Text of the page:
But the point of this blog post was to give some insight on the pros and cons I discovered from attending a PWI so here we go…

As a pro, it was actually very beneficial to attend a college where everybody didn’t look like me as that prepared me for the real world outside of heavily african-american populated areas like say, Atlanta for example. And what I learned pretty quickly was that even though a person may be from a rural, unincorporated town in Nebraska (yes, literally), you might actually have something in common with them.

You’ll at least be able to hold a conversation with them which is more than people assume.

And not to put any pressure on you, but you may literally be the first black person they’ve ever come into actual contact with. If its a pleasant experience, they’ll probably love black people forever.

You go girl/boy; breaking those racial barriers and shiz.

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the millennial struggle. four things school never taught you.

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Being an adult is tough stuff.

But…it’s definitely a lot tougher when you realize school didn’t prepare you for half of what adulthood consists of. I mean, we heard about everything (at least on this list) but we weren’t really taught how to handle them.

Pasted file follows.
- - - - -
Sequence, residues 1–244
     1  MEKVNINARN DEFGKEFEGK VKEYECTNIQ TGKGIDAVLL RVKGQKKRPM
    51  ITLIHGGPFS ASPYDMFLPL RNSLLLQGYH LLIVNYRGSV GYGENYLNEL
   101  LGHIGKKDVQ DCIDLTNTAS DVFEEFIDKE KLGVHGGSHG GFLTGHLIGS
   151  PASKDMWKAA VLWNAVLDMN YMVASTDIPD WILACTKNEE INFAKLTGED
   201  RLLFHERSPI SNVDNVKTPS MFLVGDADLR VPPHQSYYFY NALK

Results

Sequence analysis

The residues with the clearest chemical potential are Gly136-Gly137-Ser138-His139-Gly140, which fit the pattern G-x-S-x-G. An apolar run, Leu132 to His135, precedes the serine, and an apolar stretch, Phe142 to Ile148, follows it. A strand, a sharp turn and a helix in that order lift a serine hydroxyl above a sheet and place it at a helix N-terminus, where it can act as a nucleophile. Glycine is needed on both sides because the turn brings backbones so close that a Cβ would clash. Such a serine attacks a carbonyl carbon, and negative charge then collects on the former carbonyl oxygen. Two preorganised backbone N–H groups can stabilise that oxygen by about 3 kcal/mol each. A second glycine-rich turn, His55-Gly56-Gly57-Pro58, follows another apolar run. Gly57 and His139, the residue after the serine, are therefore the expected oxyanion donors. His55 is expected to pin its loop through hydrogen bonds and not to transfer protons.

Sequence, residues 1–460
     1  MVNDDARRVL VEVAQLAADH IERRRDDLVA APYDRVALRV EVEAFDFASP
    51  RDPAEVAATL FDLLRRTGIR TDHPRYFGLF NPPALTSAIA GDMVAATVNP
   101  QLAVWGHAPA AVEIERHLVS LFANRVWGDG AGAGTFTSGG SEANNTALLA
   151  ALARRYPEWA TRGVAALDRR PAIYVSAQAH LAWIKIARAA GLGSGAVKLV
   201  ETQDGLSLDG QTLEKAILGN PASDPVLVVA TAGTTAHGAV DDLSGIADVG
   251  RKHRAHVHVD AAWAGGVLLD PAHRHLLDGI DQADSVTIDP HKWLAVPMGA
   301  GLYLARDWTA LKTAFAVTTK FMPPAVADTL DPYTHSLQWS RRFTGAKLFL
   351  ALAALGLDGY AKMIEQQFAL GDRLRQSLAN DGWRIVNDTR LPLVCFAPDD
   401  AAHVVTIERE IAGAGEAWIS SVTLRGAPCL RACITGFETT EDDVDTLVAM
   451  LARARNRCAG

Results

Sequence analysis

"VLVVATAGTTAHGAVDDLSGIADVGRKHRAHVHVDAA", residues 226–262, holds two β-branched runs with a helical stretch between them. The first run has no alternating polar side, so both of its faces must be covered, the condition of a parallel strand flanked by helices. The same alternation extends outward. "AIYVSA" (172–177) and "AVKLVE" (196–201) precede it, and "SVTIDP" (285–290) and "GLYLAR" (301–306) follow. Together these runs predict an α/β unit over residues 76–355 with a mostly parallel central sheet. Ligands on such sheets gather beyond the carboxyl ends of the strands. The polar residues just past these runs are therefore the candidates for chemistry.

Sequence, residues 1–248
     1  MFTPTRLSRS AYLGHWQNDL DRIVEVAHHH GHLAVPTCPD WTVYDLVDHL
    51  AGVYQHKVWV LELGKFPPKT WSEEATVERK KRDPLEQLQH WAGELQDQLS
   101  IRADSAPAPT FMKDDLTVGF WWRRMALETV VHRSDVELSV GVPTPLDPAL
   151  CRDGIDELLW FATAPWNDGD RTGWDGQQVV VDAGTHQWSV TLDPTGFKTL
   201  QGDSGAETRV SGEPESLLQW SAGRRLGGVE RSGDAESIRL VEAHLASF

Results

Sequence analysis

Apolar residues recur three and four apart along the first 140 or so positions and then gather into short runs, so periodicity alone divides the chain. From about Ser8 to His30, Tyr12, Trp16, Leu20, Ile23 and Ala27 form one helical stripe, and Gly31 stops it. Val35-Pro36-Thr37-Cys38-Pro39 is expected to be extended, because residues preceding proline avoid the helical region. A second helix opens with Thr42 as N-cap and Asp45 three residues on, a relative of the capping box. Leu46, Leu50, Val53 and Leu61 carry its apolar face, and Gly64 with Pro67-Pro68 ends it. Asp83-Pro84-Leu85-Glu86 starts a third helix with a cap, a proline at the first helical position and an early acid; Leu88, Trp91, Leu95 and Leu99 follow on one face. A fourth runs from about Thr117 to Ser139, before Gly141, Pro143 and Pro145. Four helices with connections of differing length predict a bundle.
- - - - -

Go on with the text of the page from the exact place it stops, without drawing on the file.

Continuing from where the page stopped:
Feel me?

Anyway!

Here are Four Things School Never Taught You That Decided To Show Up In Adulthood.

1. Insurances.

Yes all of them.

Health. Dental. Life. Car. Home. Renter’s.

Whatever you can think of, they have insurance for it. And I mean that literally.

Some people are risky and decide to go without because they don’t believe anything will happen to them. Crazy choice, but rock on, rockstar. But for people like me, who care about my life and well-being, it’s confusing as finuck (lil’ scrappy voice).

Which brand do you sign up for? Does your doctor take the insurance your job offers? How much do you need to be insured for? What kinda deductible do you have?

 It’s tew much.

Especially when you hardly learned anything about it in school.